“We can’t sacrifice people’s lives for that”: faced with the coronavirus pandemic, the Japanese are more and more skeptical about the interest of keeping the Tokyo Olympics this summer at all costs.
Japanese Prime Minister Shinzo Abe reiterated on Saturday that Tokyo would host the Olympics as planned, despite growing doubts over the spread of COVID-19, which has already canceled countless sporting events around the world.
Japan has relatively few cases of coronavirus infections, with 814 cases of contamination for 24 deaths recorded at the end of last week. But Tokyo residents are beginning to fear the arrival of foreign visitors.
“Even if Japan manages to overcome this crisis, we should not receive visitors from all over the world,” said Koki Miura, 27, an employee of an internet services company, who was crossed by AFP on Monday in the streets of Tokyo. .
“I think it would be better to give up,” he adds, suggesting a postponement or even a total cancellation. “We can’t sacrifice people’s lives for that”.
“Personally, I think it would be better to postpone the Games for a year, as President (of the United States) Trump suggested. Look at the current panic, ”also says Masao Sugawara, a retiree interviewed by AFP.
“Except during the war, I have never felt so worried,” added the 90-year-old, adding that a delay would be “disappointing”.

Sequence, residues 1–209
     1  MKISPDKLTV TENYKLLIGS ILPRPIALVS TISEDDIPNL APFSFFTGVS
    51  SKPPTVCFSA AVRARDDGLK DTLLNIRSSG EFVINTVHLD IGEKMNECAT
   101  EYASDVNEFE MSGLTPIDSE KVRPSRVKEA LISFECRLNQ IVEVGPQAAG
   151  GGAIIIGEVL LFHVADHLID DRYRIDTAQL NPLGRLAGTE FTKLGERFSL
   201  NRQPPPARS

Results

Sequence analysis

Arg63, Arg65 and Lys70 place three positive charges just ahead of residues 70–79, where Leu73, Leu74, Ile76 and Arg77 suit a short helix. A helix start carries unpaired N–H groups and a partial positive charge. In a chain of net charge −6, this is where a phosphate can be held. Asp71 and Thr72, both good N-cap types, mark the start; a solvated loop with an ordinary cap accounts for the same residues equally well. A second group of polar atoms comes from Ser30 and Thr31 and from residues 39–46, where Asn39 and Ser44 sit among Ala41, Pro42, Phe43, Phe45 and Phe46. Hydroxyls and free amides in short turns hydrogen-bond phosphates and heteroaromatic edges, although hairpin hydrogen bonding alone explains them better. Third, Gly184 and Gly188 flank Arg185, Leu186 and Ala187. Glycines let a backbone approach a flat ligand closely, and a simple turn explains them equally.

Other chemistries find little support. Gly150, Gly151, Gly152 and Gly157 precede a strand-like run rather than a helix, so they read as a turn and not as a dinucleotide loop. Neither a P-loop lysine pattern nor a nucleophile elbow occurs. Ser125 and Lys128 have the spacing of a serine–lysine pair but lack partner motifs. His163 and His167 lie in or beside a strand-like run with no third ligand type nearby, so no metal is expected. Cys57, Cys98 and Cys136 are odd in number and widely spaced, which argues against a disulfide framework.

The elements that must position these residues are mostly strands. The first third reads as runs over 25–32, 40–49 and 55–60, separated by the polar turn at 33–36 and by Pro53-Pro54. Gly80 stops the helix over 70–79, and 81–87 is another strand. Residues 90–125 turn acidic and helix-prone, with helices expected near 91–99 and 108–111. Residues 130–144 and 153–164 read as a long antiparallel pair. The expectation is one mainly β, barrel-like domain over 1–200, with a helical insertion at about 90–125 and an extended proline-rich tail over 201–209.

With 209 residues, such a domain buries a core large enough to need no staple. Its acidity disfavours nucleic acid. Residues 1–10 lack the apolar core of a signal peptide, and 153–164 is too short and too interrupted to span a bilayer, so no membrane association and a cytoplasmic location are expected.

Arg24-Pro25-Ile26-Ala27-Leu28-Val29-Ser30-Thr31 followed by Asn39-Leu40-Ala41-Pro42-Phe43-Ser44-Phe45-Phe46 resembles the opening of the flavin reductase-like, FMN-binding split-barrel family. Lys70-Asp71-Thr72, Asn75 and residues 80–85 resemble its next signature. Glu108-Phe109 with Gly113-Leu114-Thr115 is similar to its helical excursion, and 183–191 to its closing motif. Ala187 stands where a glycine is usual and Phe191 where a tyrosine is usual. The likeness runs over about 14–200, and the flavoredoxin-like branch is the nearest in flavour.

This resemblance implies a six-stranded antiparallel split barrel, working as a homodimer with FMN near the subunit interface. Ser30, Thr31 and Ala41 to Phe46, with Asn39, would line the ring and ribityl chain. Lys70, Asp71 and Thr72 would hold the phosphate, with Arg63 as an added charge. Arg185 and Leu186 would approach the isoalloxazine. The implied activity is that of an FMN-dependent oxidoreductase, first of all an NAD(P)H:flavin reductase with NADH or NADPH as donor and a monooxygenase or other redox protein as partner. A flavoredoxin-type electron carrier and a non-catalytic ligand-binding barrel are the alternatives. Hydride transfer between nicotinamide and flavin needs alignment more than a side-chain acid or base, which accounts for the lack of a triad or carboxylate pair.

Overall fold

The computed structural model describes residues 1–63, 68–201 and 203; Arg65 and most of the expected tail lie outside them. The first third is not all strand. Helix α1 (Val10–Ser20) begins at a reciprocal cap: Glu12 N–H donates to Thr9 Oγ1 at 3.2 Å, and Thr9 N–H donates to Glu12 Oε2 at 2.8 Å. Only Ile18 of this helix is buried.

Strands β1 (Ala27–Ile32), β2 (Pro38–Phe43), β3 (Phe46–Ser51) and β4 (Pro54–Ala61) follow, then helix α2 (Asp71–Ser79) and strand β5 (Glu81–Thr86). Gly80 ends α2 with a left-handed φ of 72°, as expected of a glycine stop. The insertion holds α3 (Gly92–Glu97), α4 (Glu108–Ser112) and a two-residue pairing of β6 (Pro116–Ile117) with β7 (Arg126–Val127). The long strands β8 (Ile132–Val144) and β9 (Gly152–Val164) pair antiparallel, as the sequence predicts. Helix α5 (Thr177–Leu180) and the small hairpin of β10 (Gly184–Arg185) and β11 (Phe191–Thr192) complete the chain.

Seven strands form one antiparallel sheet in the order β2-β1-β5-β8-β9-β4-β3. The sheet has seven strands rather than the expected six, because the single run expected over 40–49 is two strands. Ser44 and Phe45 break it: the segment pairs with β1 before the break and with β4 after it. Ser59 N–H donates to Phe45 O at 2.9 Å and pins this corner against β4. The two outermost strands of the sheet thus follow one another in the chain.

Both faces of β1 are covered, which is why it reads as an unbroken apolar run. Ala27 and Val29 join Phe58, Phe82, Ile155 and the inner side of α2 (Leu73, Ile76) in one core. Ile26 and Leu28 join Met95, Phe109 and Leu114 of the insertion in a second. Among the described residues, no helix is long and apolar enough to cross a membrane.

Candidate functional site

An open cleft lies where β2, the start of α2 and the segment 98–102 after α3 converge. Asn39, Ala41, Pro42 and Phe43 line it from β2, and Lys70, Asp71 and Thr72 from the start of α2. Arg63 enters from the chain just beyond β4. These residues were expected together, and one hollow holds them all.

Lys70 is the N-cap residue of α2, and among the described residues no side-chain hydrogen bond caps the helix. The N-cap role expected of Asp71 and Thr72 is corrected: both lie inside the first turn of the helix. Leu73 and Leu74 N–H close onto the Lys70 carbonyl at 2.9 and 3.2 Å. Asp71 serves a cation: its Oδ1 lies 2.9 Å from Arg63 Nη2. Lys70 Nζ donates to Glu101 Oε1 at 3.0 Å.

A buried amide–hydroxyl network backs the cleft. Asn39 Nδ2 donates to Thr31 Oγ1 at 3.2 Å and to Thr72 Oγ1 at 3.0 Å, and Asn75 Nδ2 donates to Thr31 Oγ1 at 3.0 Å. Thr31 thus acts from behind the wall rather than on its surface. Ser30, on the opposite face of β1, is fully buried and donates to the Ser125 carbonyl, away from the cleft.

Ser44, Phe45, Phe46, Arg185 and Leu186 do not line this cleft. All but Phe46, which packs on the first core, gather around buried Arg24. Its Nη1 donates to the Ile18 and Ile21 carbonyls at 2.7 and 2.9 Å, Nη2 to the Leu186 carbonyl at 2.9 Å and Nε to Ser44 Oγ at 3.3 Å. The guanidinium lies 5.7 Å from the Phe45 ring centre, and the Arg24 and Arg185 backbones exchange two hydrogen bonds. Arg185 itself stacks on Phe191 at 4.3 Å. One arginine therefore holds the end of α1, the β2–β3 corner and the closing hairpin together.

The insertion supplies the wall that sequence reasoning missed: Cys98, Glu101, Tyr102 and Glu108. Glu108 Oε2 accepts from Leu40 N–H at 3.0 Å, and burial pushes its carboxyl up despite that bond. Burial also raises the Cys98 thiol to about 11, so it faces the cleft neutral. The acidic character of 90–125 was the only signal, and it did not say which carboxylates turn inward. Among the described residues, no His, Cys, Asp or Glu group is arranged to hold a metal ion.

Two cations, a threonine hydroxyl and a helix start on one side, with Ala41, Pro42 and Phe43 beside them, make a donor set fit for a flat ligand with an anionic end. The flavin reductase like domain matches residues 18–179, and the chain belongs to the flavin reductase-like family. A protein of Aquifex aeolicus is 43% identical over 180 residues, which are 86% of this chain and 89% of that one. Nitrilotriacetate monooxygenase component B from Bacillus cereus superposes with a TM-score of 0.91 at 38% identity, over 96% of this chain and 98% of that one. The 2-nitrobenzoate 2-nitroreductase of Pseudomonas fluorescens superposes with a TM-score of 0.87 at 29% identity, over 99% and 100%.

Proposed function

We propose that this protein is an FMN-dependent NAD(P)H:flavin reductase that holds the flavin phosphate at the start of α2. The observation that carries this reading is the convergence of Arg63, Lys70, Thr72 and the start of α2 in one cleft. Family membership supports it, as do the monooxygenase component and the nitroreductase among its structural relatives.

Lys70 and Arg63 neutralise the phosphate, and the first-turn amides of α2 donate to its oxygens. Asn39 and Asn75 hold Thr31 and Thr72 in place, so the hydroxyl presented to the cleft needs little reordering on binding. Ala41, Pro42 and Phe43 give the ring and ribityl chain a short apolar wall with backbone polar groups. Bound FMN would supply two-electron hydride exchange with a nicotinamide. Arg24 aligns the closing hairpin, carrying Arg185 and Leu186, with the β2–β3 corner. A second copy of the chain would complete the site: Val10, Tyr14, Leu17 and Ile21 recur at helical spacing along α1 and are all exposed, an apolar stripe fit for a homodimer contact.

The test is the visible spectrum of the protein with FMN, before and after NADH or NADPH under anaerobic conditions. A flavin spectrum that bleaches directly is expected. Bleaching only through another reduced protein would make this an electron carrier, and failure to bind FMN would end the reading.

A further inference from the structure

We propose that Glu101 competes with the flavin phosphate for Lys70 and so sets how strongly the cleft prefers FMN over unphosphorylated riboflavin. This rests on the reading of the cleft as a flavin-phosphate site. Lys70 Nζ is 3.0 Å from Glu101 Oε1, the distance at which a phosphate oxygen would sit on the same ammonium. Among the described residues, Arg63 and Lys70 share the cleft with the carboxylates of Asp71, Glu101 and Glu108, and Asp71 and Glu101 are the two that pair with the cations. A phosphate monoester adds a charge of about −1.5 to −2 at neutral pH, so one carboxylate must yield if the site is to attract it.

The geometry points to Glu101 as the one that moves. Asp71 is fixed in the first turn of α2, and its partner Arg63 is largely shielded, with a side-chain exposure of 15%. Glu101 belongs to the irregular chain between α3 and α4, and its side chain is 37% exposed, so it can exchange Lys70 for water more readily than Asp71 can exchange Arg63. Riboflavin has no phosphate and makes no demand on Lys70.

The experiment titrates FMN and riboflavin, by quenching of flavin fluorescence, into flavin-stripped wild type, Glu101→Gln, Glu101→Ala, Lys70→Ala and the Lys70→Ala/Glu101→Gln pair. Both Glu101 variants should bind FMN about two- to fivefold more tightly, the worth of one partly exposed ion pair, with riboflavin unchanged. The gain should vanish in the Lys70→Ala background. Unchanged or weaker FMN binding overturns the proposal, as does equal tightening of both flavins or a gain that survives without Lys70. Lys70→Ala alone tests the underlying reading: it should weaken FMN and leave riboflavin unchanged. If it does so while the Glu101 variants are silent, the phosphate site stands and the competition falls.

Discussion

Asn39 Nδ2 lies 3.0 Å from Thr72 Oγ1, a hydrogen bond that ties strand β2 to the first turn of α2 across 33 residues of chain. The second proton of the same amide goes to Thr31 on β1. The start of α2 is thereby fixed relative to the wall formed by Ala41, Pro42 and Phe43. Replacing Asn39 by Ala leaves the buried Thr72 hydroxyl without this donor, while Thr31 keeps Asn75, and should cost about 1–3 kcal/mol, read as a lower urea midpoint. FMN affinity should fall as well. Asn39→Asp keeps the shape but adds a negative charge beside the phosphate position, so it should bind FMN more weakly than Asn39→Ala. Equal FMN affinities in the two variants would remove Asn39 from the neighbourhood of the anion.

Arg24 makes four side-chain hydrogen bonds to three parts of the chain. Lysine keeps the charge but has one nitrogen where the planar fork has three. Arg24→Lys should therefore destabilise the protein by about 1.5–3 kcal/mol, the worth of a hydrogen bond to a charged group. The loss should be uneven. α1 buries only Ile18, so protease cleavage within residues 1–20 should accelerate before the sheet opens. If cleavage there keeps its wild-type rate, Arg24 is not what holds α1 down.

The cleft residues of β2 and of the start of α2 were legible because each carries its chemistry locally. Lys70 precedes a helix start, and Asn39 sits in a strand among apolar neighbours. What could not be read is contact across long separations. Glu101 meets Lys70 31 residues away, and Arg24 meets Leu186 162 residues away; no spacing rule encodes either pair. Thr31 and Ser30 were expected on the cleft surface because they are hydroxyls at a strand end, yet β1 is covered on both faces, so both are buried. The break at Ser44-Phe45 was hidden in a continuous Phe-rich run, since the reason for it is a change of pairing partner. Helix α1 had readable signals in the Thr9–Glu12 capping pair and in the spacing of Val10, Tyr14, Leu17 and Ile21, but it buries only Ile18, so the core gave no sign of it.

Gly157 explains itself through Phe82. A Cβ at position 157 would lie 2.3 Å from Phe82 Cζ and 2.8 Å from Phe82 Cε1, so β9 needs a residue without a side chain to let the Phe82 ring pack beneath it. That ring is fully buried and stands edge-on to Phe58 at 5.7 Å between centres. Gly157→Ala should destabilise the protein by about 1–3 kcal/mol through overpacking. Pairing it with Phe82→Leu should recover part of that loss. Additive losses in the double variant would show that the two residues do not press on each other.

In a survey of 1,000 people published on Monday by the Japanese news agency Kyodo, 69.9% of those questioned said they did not believe that Tokyo could host the Games, which are due to start on July 24, as planned.
And another survey by the public broadcaster NHK carried out from March 6th to 9th suggested that 45% of the Japanese are now opposed to keeping the Olympics as planned, and 40% for it.
Tokyo Governor Yuriko Koike said last week that it was “unthinkable” to cancel the Tokyo Games.
The final decision, however, rests with the International Olympic Committee (IOC), which intends to follow the recommendations of the World Health Organization.
IOC President Thomas Bach will take stock of the situation on Tuesday during a conference call with international sports federations, several sources told AFP on Sunday.